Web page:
Book 33 of 90

The other major flaw is one common to many writers of that era – the drooping perfection of her main female character, the good sister Mary. Often, these drearily angelic women are surrounded by quirky or dastardly characters who liven the story up, and there are some of these in this book, too. But for my taste we spend far too much time with the saintly Mary and hear far too much about her religious scruples – about her religion in general, in fact. Regular readers of my reviews will know by now that Scotland has an unhealthy relationship with religion due to the misogynistic old killjoy Knox and his buddy Calvin. And, goodness! Mary has been well trained by her pious foster-mother to see anything the least bit fun as the temptation of the Devil.

Adelaide, on the other hand, never comes to life as a character at all. There primarily to provide a contrast to Mary, her purpose is to show what happens to girls brought up by shallow mothers to consider wealth and status all-important. I felt she could either have been made hissably unlikeable (like Lady Catherine de Bourgh) or perhaps have caused the reader to pity her (like Mrs Collins) or even allowed us to laugh at her (like Mrs Bennet). But in fact I never felt I had got to know her at all, and therefore felt nothing for her.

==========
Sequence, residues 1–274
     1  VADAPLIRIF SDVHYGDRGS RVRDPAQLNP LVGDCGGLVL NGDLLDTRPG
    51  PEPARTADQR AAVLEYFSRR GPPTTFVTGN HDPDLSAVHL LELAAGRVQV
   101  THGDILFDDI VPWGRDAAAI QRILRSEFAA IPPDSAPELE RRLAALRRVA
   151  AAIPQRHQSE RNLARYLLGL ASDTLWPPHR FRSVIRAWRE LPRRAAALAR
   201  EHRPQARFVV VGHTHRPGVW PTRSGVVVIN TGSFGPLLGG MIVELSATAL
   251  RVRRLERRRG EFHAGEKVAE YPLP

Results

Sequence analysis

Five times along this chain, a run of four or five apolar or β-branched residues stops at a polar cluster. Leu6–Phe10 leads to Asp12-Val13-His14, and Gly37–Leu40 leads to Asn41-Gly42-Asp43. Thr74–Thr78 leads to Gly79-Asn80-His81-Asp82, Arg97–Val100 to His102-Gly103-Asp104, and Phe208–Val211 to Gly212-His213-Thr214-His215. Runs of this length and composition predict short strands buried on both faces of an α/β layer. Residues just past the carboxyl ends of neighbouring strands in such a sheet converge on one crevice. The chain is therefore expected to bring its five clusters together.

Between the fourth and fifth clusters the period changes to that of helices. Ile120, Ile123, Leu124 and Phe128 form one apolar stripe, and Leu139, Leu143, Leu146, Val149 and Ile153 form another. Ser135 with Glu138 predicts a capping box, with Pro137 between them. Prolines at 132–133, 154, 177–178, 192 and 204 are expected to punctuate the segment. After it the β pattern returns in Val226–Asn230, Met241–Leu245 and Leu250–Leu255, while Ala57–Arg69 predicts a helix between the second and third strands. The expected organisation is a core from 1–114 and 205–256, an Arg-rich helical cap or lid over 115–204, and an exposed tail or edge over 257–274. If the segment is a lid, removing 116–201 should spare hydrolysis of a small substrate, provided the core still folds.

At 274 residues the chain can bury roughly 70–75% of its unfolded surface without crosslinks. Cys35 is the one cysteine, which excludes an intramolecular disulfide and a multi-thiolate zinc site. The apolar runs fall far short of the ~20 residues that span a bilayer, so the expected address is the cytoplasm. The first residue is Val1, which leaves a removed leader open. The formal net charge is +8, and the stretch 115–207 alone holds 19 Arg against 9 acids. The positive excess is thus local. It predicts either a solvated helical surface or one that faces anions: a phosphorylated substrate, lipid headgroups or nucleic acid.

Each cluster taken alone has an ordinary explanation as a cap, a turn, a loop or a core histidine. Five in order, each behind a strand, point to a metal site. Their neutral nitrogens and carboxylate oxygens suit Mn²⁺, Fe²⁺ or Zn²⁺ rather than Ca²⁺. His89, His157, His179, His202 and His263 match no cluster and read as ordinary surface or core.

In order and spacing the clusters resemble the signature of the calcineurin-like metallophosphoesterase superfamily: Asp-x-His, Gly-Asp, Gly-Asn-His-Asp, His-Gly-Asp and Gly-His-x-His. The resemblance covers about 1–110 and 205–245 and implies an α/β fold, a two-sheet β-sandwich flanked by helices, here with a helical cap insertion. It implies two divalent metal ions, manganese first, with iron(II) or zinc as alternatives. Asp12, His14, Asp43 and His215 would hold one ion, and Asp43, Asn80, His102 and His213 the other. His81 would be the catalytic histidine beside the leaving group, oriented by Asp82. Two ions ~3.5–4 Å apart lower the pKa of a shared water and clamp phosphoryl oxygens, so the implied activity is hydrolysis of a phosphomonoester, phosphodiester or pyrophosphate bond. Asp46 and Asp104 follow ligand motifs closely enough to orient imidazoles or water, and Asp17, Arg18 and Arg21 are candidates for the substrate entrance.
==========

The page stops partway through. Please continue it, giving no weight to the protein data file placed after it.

Fortunately, the book has some redeeming qualities that make it reasonably enjoyable despite its weaknesses. Juliana’s reaction to the rough, unsophisticated life of Henry’s Highland family gives room for a lot of humour in the first section, as does Ferrier’s description of the Highland landscape as a bare, harsh, barren place of rain and mud. More realistic than the prettified, shortbread box version of the Highlands that was beginning to be created by those of a Romantic inclination at that time. As Mary travels south years later to visit her mother and sister, she stops off in Edinburgh, and Ferrier creates some excellently caricatured characters there, almost in the vein of Dickens.

Susan Ferrier